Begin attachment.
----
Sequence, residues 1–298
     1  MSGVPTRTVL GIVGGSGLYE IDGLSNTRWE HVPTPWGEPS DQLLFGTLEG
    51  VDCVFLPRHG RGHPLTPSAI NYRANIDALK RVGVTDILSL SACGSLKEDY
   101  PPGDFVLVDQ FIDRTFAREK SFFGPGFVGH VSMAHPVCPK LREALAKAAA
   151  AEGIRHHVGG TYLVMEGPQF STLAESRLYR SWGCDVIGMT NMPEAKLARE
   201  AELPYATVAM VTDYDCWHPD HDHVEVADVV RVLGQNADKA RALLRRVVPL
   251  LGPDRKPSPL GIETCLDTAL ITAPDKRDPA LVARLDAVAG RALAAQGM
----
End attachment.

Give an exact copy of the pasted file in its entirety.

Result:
Sequence, residues 1–298
     1  MSGVPTRTVL GIVGGSGLYE IDGLSNTRWE HVPTPWGEPS DQLLFGTLEG
    51  VDCVFLPRHG RGHPLTPSAI NYRANIDALK RVGVTDILSL SACGSLKEDY
   101  PPGDFVLVDQ FIDRTFAREK SFFGPGFVGH VSMAHPVCPK LREALAKAAA
   151  AEGIRHHVGG TYLVMEGPQF STLAESRLYR SWGCDVIGMT NMPEAKLARE
   201  AELPYATVAM VTDYDCWHPD HDHVEVADVV RVLGQNADKA RALLRRVVPL
   251  LGPDRKPSPL GIETCLDTAL ITAPDKRDPA LVARLDAVAG RALAAQGM